State Announces $3.9 Million Grant to Improve Merrimack Street
LAWRENCE -- No city street is filled with as much hope for recovery as Merrimack Street, where retailers, shoppers, commuters, office workers and residents have been gradually filling up the mile-long row of former mill buildings that once employed thousands.
New Balance, Riverwalk, Monarch Lofts and the McGovern Transportation Center have rooted in the ruins of the empty mills, restoring life to the historic street that, along with the Merrimack River and its canals, separates North Lawrence from South. The New Balance factory and outlet store alone draws 800 people daily, according to the company.
On Tuesday, Merrimack Street will get another boost when the state's top economic development official is scheduled to join Mayor Daniel Rivera at the McGovern transit center to announce a $3.9 million state grant for infrastructure improvements to help the street and neighborhood handle the recent growth.
The grant, from the state's MassWorks Program, will improve the flow of traffic in the corridor, including into and out of the transit center, which provides service to Boston from the last of the Lawrence's rail stations (the city once had seven). Other improvements will make the area more inviting to pedestrians and cyclists, but details were not provided Monday.
“Filling our mills with jobs is crucial to getting our people back to work and the MassWorks grant will help build-up our aging infrastructure to support commercial development and attract more jobs to Lawrence,” Rivera said in a prepared statement issued by the state Monday.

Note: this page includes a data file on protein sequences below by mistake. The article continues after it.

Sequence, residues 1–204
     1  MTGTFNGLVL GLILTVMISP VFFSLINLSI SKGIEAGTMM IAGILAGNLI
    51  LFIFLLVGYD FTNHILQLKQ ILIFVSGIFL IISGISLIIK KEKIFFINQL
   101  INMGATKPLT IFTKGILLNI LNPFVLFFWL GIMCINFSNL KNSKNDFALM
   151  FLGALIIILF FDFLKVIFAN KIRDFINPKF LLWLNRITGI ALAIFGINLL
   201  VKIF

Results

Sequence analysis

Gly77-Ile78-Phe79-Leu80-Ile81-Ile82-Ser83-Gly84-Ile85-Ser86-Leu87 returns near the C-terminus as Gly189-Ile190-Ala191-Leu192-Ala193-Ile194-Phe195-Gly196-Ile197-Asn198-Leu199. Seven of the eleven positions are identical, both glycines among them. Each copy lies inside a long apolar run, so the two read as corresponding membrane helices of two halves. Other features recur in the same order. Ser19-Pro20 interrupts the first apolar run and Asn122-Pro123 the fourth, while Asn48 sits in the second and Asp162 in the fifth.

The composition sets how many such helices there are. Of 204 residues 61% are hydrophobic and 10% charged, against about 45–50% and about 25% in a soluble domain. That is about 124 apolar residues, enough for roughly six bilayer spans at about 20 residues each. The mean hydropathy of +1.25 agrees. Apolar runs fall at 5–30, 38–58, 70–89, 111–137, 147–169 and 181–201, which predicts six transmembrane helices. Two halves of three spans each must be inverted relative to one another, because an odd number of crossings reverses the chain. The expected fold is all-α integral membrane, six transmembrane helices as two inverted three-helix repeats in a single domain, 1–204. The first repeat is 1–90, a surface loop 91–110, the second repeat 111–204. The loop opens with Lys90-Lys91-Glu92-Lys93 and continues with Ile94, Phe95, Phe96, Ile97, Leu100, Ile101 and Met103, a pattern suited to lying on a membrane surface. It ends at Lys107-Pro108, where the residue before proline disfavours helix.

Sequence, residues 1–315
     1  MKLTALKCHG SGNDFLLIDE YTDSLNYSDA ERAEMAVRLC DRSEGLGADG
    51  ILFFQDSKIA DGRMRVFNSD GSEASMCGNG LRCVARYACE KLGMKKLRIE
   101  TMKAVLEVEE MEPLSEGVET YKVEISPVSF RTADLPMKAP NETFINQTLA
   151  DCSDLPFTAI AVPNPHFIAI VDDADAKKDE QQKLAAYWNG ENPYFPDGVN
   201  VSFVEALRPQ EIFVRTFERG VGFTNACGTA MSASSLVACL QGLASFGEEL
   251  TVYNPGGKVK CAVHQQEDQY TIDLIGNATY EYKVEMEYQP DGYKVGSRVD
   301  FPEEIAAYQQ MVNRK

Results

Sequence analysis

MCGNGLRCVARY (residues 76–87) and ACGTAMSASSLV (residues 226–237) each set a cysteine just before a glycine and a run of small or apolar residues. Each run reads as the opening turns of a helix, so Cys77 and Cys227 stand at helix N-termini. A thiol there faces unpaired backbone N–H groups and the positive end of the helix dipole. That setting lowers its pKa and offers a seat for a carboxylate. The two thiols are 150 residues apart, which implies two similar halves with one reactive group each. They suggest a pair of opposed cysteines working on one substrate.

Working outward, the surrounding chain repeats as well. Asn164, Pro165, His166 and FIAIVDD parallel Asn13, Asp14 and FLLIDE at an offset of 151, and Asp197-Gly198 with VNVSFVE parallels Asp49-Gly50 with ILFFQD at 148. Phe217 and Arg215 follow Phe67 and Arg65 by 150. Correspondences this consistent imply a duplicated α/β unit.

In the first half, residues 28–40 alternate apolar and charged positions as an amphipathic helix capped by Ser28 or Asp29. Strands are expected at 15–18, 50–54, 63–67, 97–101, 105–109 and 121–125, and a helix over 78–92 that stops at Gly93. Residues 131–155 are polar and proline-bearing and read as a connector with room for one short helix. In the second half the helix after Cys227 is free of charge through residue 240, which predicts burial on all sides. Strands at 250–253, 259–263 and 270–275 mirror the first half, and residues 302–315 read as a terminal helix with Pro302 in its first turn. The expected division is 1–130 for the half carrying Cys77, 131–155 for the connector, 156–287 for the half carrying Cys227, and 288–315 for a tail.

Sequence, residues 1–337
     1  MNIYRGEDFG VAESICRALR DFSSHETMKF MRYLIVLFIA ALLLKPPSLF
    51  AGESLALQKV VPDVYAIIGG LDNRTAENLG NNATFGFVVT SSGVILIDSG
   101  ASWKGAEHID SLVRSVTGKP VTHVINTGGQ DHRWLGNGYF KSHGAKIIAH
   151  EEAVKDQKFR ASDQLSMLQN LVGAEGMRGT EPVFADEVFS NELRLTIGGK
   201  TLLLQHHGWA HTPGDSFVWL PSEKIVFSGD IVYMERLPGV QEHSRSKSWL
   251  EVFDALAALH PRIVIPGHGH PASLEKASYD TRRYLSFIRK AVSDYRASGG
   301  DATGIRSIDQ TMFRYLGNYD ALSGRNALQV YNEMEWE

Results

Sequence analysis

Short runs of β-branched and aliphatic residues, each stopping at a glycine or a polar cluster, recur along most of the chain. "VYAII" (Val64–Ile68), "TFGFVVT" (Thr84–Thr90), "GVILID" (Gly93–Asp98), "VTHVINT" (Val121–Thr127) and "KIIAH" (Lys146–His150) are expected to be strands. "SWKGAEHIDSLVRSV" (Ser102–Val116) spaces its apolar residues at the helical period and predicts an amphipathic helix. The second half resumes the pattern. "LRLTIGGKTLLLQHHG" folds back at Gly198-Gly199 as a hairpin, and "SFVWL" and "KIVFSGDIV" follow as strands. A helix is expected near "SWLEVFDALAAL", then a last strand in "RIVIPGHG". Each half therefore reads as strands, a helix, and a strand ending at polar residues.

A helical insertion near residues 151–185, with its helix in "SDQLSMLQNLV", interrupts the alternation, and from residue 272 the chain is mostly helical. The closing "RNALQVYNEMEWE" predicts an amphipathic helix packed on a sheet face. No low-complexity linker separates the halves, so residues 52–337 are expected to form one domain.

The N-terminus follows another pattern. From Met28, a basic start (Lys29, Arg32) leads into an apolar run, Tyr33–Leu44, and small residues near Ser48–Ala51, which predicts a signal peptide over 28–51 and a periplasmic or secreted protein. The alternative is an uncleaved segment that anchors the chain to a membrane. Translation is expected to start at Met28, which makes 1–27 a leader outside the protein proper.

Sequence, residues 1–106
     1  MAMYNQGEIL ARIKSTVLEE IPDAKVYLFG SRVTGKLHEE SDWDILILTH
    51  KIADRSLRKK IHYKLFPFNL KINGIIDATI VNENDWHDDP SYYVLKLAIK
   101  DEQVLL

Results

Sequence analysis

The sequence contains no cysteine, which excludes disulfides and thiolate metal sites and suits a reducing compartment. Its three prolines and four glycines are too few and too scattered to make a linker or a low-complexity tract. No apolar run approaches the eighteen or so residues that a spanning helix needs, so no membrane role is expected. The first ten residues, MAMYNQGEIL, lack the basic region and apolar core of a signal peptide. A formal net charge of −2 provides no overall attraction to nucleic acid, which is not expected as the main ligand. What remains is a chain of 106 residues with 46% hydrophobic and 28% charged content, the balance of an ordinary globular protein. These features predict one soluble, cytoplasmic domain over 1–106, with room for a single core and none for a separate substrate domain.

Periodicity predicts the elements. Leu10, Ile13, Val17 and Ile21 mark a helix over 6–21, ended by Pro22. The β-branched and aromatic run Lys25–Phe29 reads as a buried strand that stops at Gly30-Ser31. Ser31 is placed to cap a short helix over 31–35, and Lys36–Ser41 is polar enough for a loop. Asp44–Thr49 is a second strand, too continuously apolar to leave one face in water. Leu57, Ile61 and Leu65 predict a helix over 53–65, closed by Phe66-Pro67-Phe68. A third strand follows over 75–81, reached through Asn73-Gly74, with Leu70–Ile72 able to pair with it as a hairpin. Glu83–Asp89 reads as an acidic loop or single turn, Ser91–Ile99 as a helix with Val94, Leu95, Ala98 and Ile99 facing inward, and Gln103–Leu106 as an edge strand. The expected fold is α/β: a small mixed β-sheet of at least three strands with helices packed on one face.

The MassWorks Program seeds local economic development projects with competitive grants to municipalities. Last year, the program awarded $79 million for 33 projects statewide, including in Lawrence and Haverhill.
In Lawrence, MassWorks provided $895,000 to improve the connection between Essex Street and the downtown campus that Northern Essex Community College opened in January.
In Haverhill, the program provided $5 million to help revitalize blighted areas of the Merrimack River waterfront, including by improving public access to the river by building a boardwalk, parking areas and public spaces.
By Keith Eddings• October 21, 2014• The Eagle Tribune • Original Article